LOS ANGELES When the CW hosted a party to launch the new incarnation of the Melrose Place TV series, the venue of choice for the party was a no-brainer: Melrose Place, of course. On Saturday night, the network took over a stretch of street in the famed shopping district. CBS Television's vice president of talent relations and special events, Ian Metrose, oversaw the event, tapping Poko Event Productions to produce it. (It was the same team that worked on the network's party for the new 90210 this time last summer, speaking of 1990s TV revivals.)
“We wanted people to feel comfortable, with a little wow factor,” said Metrose. “We chose the same place where the first launch party for the first series was, but we went in a totally different direction.”
The street closure allowed for a 7 a.m. load in on Saturday morning, and a 4 a.m. load out on Sunday morning, after the party wrapped up around midnight. “There's going to be a lot of people working very fast,” Metrose said before the event. “The hardest thing about working on a public street is you have about 25 to 30 stores that you have to make happy. You are working with people who have businesses on the street—but the city's been really nice to us, everyone's been really cool. The real challenge has been how to make a great party starting from absolute scratch. We have to bring in every single element; there's nothing there that helps us—not a single light, not an outlet we can use, not a water hose. It's like, imagine you're in the middle of the dessert. Now make a great party.”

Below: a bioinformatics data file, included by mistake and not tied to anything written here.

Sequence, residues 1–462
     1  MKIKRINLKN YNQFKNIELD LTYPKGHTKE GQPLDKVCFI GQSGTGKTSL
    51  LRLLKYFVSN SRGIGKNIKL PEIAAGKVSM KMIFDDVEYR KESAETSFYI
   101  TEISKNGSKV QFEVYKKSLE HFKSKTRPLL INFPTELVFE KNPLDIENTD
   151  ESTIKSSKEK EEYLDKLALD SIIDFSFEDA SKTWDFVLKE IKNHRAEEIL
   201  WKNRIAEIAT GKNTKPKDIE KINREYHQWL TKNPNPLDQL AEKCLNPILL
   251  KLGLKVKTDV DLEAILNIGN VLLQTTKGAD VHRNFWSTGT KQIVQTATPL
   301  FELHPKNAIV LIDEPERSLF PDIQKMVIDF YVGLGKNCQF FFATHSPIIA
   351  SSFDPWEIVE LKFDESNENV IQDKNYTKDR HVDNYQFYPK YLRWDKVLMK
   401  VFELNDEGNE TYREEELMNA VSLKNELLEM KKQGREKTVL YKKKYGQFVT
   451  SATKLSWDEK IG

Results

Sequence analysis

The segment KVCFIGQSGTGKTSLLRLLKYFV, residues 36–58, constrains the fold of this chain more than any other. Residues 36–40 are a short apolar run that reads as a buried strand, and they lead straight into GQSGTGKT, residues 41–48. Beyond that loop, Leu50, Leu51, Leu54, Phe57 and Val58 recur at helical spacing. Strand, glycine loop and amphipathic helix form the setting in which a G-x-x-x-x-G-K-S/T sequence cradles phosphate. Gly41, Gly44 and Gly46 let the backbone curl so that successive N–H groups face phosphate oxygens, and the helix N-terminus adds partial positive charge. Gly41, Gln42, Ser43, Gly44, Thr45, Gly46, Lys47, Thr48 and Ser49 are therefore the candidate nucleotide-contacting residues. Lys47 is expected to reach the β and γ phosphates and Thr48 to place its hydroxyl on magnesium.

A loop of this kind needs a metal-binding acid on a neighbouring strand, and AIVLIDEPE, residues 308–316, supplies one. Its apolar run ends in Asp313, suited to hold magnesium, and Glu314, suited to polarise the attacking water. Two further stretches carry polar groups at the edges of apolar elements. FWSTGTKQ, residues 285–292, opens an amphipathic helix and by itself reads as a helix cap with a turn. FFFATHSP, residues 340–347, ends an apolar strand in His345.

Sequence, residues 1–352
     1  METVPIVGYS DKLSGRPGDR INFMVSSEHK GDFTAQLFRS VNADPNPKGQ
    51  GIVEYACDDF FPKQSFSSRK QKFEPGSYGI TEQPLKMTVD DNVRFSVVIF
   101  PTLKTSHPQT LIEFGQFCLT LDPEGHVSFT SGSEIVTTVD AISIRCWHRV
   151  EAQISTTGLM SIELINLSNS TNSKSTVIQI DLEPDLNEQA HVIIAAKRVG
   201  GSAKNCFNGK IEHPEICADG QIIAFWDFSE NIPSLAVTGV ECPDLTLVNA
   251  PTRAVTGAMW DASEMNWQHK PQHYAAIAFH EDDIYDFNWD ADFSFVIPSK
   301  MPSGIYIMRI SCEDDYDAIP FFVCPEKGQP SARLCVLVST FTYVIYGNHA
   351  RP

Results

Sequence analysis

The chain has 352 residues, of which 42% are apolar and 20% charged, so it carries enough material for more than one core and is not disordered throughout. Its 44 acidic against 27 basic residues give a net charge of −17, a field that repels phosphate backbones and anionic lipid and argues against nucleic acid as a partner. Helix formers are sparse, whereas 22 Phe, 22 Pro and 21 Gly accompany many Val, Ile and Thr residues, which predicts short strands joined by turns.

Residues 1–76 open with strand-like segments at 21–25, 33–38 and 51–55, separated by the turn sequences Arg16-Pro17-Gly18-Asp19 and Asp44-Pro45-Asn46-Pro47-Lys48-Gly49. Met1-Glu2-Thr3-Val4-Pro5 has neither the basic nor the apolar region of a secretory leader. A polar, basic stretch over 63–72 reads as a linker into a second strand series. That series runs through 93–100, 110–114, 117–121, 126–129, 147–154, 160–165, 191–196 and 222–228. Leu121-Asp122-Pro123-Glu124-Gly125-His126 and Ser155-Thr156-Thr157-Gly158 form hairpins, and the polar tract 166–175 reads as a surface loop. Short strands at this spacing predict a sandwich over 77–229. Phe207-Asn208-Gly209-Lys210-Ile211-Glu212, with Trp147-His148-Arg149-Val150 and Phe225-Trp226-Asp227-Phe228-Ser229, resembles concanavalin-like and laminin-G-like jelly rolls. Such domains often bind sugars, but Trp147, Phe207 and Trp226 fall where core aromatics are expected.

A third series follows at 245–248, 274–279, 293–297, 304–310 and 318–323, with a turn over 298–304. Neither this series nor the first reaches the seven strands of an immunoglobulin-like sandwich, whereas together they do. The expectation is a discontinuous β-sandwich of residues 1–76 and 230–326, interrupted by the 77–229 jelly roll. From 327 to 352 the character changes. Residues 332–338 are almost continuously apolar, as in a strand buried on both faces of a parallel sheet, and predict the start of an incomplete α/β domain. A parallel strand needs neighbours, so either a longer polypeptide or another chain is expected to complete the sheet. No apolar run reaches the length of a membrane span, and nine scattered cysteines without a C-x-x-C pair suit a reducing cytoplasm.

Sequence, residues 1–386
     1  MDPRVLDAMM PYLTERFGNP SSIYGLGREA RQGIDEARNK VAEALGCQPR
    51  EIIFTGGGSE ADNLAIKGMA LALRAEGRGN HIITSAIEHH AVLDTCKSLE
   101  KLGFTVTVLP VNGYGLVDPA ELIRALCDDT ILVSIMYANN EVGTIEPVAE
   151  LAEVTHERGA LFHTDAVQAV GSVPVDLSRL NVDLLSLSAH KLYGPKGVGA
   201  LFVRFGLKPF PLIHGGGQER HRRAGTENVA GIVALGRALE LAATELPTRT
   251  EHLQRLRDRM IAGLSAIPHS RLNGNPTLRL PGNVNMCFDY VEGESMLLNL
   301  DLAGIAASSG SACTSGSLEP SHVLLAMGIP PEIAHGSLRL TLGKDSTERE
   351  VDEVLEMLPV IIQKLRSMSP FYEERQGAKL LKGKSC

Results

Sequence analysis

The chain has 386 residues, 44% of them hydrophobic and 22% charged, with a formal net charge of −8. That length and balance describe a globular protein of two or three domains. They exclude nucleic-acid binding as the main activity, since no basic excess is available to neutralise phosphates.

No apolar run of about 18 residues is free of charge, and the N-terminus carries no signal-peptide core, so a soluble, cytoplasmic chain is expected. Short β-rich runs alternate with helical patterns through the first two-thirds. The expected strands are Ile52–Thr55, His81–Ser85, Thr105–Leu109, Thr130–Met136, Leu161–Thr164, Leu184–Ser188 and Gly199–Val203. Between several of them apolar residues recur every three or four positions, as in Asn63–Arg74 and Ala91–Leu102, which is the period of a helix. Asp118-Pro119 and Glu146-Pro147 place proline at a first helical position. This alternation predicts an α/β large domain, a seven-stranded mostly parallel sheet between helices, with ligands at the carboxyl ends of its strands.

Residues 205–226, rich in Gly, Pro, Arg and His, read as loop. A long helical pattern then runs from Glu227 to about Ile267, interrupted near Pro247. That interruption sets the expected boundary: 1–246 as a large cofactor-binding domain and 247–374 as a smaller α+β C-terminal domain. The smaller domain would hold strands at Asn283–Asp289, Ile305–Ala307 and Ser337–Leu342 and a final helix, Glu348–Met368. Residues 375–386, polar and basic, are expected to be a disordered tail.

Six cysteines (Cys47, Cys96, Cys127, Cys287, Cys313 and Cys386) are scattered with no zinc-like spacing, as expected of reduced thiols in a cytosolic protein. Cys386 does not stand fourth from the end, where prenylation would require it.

AT&T—whose exclusive sponsorship dictated the party's blue, orange, and white color scheme—set up an info booth in one corner for ts new U-verse product and showed off its laptop and phone products. “AT&T was a major factor in the design elements of the party, starting from the step and repeat with the blue carpet," said Metrose.
The assembled crowd—which included the cast, executive producers, show creators, AT&T clients, and CW and industry executives—largely arrived in shuttles from the Pacific Design Center, an effort to help manage traffic. Throughout the alfresco party space, clusters of pod-like fabric structures were lit from within. White fabric strips covered wooden cabanas that housed seating groups, and orchids and tulips sprung from white curvilinear vases atop tables and bars. White lighting glowed from within tables, and latticed partial walls defined the space. Grass walls bore the show's logo, and a sectional sofa spelled out the CW logo. And, at the entrance to the party space, the step-and-repeat wall got a 3-D look from logo cubes placed at multiple depths.